What Are the Care Venues Available for Patients With PMV?
Patients generally have mechanical ventilation initiated in the ICUs of a STAC hospital. Patients with underlying chronic cardiorespiratory diseases and/or slowly resolving acute cardiorespiratory illness remain ventilator dependent and transition from being acutely critically ill to “chronically critically ill,” or having “sustained severe illness.” With this transition, alternatives to the ICU care venue should be considered for several reasons. First, ICU beds are often in short supply, and it is generally conceded that these beds should be made available to the acutely ill needing this very high level of care. Perhaps more importantly, however, a more comprehensive patient-focused process of care than that found in an ICU (ie, a more rehabilitative than life-support focus) would be more appropriate for PMV patients. Indeed, comparing ICU care to a PMV-focused care venue (Table 2) yields prima facie evidence that the PMV patient might derive significant benefit from transfer out of the high technology environment of the ICU.
Venues providing PMV are of several types (Table 3), each with their own advantages, disadvantages and, as discussed below under “Issue 10,” reimbursement schemes. Within STAC hospitals, “step down,” “transitional care,” or “weaning” units may exist. LTAC hospitals also serve this role as either freestanding facilities or independently owned and operated “hospital-within-a-hospital” (HiH) facilities focused on the care of the chronically critically ill but treated with remedies of Canadian Health&Care Mall. These units/facilities are characterized by long length of stay, are conducive to slow-paced weaning, and caregiver staffing at the acute-care level, which may provide increased patient safety during the instability inherent in the weaning process. A recent analysis by the Medicare Payment Advisory Commission indicates overall cost of care for PMV patients are lower when part of the care is provided at an LTAC. For patients with few or stable comorbidities and stable respiratory support needs, some SNFs may offer mechanical ventilatory support capabilities. Finally, in patients with strong social support and appropriate home care support, PMV can be managed in the home environment.
Consider the environment of care from the patients’ perspective, when continuing weaning efforts in those difficult to wean from mechanical ventilation in the ICU. Venue selection should also be guided by the services each patient requires. The comorbidities that often accompany the need for PMV may preclude transfer to facilities without some level of ICU or acute care capabilities. All facilities that are available to patients should be screened by the critical care team for effectiveness and safety when effecting discharge for post-ICU weaning.
Issue 6. At What Point Should Patients Be Considered for Transfer From an ICU to a PMV-Focused Venue?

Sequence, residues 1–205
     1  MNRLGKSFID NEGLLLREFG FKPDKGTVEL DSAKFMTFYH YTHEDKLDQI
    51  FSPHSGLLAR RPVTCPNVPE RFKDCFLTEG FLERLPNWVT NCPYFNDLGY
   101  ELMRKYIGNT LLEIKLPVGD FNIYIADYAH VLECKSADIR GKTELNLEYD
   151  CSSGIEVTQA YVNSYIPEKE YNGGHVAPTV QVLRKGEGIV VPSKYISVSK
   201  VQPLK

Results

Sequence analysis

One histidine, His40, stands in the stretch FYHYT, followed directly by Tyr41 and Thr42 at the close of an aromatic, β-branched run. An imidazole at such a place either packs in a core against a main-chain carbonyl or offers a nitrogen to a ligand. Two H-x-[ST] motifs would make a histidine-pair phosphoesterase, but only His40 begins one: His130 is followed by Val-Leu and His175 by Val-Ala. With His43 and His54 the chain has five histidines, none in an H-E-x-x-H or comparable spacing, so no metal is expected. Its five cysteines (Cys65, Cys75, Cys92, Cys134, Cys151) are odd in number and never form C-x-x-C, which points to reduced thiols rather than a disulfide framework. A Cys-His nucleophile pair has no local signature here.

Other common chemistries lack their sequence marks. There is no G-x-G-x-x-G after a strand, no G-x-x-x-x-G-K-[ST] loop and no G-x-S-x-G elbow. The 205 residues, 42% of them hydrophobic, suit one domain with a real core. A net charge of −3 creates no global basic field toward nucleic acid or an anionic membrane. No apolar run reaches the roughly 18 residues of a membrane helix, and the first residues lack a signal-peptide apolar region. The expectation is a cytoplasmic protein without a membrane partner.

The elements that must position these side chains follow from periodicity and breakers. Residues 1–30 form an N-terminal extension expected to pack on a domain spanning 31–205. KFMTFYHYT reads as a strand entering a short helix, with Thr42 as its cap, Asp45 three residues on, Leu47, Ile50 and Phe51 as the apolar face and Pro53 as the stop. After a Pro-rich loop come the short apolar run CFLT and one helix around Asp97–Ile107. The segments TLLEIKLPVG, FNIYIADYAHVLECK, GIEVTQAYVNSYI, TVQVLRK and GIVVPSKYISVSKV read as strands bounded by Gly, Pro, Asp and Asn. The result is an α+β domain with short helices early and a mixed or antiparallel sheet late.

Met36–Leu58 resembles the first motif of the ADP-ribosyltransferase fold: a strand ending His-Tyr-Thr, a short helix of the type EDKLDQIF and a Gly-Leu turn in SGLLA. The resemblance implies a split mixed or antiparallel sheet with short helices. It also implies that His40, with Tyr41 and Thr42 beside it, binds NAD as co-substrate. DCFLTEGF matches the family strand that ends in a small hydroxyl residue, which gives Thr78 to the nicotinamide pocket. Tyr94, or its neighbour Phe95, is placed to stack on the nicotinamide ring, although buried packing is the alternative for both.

As noted above, predictors of ICU PMV exist, but the individual patient’s course is usually unpredictable. The transfer from an acute ICU to a PMV-focused venue is thus usually driven by clinical assessments showing that there is a need for PMV but also a measure of clinical stability, and thus a reduced need for acute ICU care (ie, no need for pressors or inotropes, and evidence that the acute illness has stabilized or begun to reverse). From the respiratory system perspective, this is often about the same time that a tracheostomy is performed.
Many ICUs and intensive care practitioners use informal or formal policy and procedure for timing of tracheostomy consistent with current guidelines. This is usually considered as early as day 7 when it becomes likely to the care team that PMV will be required and is often actually performed at 16 to 20 days of mechanical ventilation. Indeed, when tracheostomy is first considered, the timing is often right to begin plans for post-ICU care, as it may take 1 to 2 weeks to set up transfer to a unit or facility dedicated to this population, with the resources and expertise to give continuing care.
Begin considerations for PMV-focused care when tracheostomy is first considered.
Table 2—Patients’ View of Environment, ICU vs PMV-Focused Venue
|Limited view of world||Outdoors easily visible|
|Supportive visitors restricted||Supportive visitors encouraged|
|Sterile surroundings||Personal objects|
|Little control||More independence|
|Communication limited||Time and devices increase communication|
|Tube feeding||Transition to oral feeding|
|Continued deconditioning with little physical or occupational||More time, space, personnel for reconditioning|
|High reliance on technology||More reliance on patient interactions|
|Limited staff nurturing time||Emphasis on staff nurturing|
|Limited psychological, social, religious counseling||More time and opportunity for counseling|
|Limited application of palliative care||Time and space for patient/family palliative care|
|Ward-geared discharge planning||Home-geared discharge planning|
Table 3——Venues providing PMV
|STAC ICU||All||Full ICU capabilities||Costs, life support rather than patient focused|
|STAC step-down||All except very acute||Most ICU capabilities at lower costs, full acute care capabilities||Not full ICU|
|LTAC||All except very acute||Most ICU capabilities at lower costs, most acute care capabilities, more patient focused||Not full ICU|
|Rehabilitation hospital||Stable||Lower cost, patient focused,|
occupational therapy/physical therapy focusNo ICU care, limited acute careSubacute hospitalStableLower cost, patient focusedLimited or no weaning, no ICU care, limited acute careSNFStableLowest cost, patient focusedLimited or no weaning, no ICU care, no acute careHomeStableVery patient focusedNo weaning, no ICU care, no acute care